The Stockyards Restaurant and 1889 Saloon
The Stockyard is an embodiment of the classy cowboy joint, meaning you'll want to shine your boots a bit before visiting this one. Locally known as Arizona’s original steakhouse, The Stockyards has served classic Western dishes since 1947. Listed in the state's Historical Register, The Stockyards was built on the famous Tovrea Land and Cattle Company's property. After a fire in the 50s and a renovation in the early aughts, the restaurant has remained a staple in the local scene. The kitchen covers everything you would expect from a steakhouse, but ups the ante with some more exciting options including elk, buffalo, and boar. And if you like Rocky Mountain oysters, you might try the "calf fries," which follow the same recipe but come from a younger cow.
Rustler's Rooste is likely the most carefree cowboy bar you'll ever visit. The massive restaurant offers steak dinners, fish options, ribs, and rattle snake, plus, every table gets a hearty post-dinner serving of cotton candy. Inside the restaurant, you can wander around two stories and slide down the famous slide. Outside, you can hang out on the balcony, where you can catch a nice view of Arizona's mountains and — if you time it right — a breathtaking sunset. It's a family friendly spot, and can be reserved for private parties or receptions. The saloon opens at 4 p.m. and stays open late; the steakhouse serves from 5 to 10 p.m. Oh, and don't forget to say "Hi" to Horney the Bull at some point while you're there. You can't miss him.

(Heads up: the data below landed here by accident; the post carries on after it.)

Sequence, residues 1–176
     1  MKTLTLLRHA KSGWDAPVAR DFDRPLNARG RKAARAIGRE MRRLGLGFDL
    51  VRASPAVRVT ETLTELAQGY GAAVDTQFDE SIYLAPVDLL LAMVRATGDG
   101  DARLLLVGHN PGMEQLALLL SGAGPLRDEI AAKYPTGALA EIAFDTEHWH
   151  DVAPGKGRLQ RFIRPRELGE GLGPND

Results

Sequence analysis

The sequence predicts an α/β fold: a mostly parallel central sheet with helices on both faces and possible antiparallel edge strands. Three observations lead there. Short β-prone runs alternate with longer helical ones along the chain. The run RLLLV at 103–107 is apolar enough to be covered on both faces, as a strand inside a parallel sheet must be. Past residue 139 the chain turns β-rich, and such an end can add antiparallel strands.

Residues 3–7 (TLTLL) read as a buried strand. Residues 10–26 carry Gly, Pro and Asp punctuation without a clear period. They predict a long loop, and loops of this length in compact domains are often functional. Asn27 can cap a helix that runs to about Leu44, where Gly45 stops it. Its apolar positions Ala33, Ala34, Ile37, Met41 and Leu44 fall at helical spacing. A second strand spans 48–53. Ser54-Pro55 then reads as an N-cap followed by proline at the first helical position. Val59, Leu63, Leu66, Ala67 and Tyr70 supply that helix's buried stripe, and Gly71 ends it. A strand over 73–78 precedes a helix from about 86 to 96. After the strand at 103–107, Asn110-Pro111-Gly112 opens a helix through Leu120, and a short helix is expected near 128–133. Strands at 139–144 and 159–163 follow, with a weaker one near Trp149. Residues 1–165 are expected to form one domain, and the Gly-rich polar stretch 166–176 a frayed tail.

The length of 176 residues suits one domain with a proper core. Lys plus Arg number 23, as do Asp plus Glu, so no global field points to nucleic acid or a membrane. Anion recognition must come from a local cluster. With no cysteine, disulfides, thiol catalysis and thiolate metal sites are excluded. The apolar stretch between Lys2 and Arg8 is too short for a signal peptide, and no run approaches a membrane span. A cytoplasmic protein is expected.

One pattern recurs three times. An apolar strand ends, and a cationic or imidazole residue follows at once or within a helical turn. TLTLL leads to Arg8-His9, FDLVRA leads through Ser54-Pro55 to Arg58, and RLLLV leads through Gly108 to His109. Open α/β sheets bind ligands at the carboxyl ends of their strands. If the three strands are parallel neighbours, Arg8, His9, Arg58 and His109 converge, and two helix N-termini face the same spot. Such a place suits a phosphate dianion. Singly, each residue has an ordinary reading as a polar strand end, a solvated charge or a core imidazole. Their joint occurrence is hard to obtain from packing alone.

MacAlpine’s Soda Fountain and Espresso Bar
For those looking to step back in time and enjoy an ice cream soda or homemade cherry Coke, MacAlpine’s Soda Fountain and Espresso Bar in Central Phoenix is the place to go. The small restaurant, flanked by a vintage clothing shop and home décor store, serves an array of old school meals ranging from hot sandwiches to comfort food-based meals, but truly excels in its construction of desert-based drinks. Guests can get the full experience by playing the shop's old jukebox, which carries all the biggest hits from the 50s and 60s. Pin curls are encouraged, but not required.
Musician Alice Cooper not only hails from Phoenix, he's arguably one of the state's proudest exports. He organizes multiple charity events around town and gifted Phoenix with his "jock-meets-rock" restaurant, Alice Cooperstown in downtown Phoenix. Naturally, it's a restaurant for those who appreciate pop and sports culture. Hungry guests receive generous portions and can admire the endless knick knacks signed by various rock stars and athletes. The menu offers the usual fare you'd expect from a bar, but does include an extensive list of barbecue entrees. It's totally kid-friendly (provided your kid isn't afraid of servers with Cooper's famous dark eye makeup) and the restaurant's location makes it especially convenient for those about to attend a concert or sporting event downtown.